There was a motoring ‘baby boom’ in the 1970s, says Simon Charlesworth as he picks his favourite of the original superminis. Photography Tony Baker. In the 22 May 1982 issue of Motor, a reader put the argument for BMC’s 1100/1300 range being the pioneering supermini. The magazine’s staff replied: ‘While the term “supermini” has never been exactly defined, it is generally accepted as describing a car designed to fill the gap between the still-unchallenged Mni and what could loosely be described as the “Escort” class. While there is room for argument, in our view the BMC 1100/1300 range – unlike the Metro – was designed to compete in the larger category and could not be true “superminis”.’
Compact, practical, economical and fun – this European trio from Fiat, Renault and Volkswagen showcases the pioneers of the supermini movement.
This type of car is clearly easier to point out than accurately define, but in the modern idiom – in addition to questions of market and physical size – a supermini is expected to feature a hatchback and front-wheel drive. Our featured trio isn’t merely from the class’ founding generation, they were built by three of Europe’s automotive big-hitters, have each won a place on the European Car of The Year (ECoTY) podium and have been plucked from the start, middle or end of their production runs.
They represent the continental riposte to Issigonis’ 10ft wonder; equally egalitarian, they are certainly bigger, more refined and arguably better developed than the Mini. The prize for the first of the breed, however, is a contentious one. Replacing the Fiat 850, the 127 was launched in April 1971 – but initially it made do with a conventional saloon-type boot, whereas the Renault 5 that was unveiled in December 1971, and launched in early’72, came to the market ready, willing and able with front- wheel drive and a hatchback.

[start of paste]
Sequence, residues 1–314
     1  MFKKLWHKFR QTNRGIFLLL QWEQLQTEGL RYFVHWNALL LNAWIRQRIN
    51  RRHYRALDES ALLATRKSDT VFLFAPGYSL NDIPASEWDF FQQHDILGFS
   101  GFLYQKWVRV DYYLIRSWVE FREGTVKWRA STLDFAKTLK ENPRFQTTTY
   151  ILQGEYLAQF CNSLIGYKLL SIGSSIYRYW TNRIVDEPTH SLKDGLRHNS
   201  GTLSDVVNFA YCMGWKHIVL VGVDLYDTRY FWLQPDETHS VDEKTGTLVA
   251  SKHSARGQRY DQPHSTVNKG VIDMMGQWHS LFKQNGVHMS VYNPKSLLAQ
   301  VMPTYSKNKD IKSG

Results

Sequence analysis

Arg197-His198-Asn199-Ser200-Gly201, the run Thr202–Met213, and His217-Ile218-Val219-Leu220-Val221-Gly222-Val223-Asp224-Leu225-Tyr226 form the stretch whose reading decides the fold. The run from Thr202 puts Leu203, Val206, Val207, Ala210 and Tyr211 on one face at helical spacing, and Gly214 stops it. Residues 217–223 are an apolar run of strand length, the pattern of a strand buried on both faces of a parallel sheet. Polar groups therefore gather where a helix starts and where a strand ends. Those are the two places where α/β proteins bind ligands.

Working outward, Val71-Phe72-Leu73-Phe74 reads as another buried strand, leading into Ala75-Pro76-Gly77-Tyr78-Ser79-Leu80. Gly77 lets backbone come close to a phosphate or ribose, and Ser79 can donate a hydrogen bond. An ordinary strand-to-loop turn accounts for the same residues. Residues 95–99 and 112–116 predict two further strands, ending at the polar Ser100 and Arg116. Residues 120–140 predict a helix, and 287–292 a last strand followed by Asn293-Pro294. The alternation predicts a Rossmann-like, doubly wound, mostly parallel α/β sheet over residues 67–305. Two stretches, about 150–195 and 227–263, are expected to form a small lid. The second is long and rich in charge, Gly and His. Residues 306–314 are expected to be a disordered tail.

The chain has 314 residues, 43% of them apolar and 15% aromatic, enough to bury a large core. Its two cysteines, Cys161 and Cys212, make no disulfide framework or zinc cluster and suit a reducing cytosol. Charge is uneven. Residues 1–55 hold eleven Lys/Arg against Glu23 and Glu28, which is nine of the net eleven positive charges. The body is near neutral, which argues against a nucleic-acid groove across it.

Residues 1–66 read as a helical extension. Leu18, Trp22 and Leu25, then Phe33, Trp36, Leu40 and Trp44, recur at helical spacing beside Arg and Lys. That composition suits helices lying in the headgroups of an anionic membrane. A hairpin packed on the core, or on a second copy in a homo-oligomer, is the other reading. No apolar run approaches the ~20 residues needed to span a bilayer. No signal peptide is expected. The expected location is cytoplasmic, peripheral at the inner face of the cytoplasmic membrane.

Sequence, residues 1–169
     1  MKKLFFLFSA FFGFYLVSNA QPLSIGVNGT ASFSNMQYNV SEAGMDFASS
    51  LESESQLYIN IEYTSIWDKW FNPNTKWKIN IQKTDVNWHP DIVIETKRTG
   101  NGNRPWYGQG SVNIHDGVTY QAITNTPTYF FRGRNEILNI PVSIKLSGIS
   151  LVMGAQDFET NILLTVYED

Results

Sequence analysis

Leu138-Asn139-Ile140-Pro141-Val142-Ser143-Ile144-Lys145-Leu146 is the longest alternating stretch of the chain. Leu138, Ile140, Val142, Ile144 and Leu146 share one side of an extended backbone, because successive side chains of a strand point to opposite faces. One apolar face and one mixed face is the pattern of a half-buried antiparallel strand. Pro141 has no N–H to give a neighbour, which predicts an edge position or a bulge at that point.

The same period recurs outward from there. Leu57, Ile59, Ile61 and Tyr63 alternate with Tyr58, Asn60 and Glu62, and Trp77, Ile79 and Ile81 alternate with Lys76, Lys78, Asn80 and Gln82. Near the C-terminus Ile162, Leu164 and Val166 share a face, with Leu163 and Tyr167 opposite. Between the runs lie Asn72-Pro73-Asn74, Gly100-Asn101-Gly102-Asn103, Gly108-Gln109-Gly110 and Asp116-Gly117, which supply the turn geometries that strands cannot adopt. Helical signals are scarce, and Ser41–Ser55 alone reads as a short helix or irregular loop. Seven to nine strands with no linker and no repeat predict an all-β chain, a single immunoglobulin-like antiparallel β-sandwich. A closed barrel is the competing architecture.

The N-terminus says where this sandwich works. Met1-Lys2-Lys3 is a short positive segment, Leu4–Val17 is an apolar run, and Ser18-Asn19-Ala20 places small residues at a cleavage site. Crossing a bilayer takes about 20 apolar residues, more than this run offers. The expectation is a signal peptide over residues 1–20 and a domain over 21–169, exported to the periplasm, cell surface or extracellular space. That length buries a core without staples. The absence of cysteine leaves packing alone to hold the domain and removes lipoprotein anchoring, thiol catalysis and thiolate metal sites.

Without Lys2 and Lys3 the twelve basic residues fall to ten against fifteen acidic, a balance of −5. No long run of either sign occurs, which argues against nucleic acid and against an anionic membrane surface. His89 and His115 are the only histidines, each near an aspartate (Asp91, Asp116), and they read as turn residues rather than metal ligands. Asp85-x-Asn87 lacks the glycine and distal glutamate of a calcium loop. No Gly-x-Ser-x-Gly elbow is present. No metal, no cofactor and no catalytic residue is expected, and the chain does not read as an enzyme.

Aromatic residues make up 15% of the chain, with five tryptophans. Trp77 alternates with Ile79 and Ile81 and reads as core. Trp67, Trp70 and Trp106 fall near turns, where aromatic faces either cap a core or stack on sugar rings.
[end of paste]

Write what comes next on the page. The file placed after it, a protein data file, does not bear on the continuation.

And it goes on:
‘THE FIAT BROADLY DEFINED SUPERMINI UNDERPINNINGS, BUT THE RENAULT CRYSTALLISED ITS BODY DESIGN’
The 127 shared chief designer Dante Giacosa’s layout with the larger 128-transverse engine installation with end-on gearbox, offset final drive and unequal-length driveshafts. It was a configuration that he first trialled on the lower- volume Autobianchi Primula and which – unlike the Issigonis system – was already being utilised by rivals, such as the Simca 1100.
From right: brown interior is period-perfect for well-specced TX model; 1397cc four-pot; you’re better off staying in the green zone of the rev counter.
The 1972 Renault 5, though, was not one of them. Instead, it borrowed from its older 1961 brothers, the Renaults 3 and 4 – successors to the 4CV that, in turn, had been inspired by the Citroen Traction Avant’s installation with the gearbox ahead of the longitudinal engine. As on the 3 and 4, the rear transverse torsion bars were mounted behind one another, resulting in a wheelbase longer on the offside than the nearside.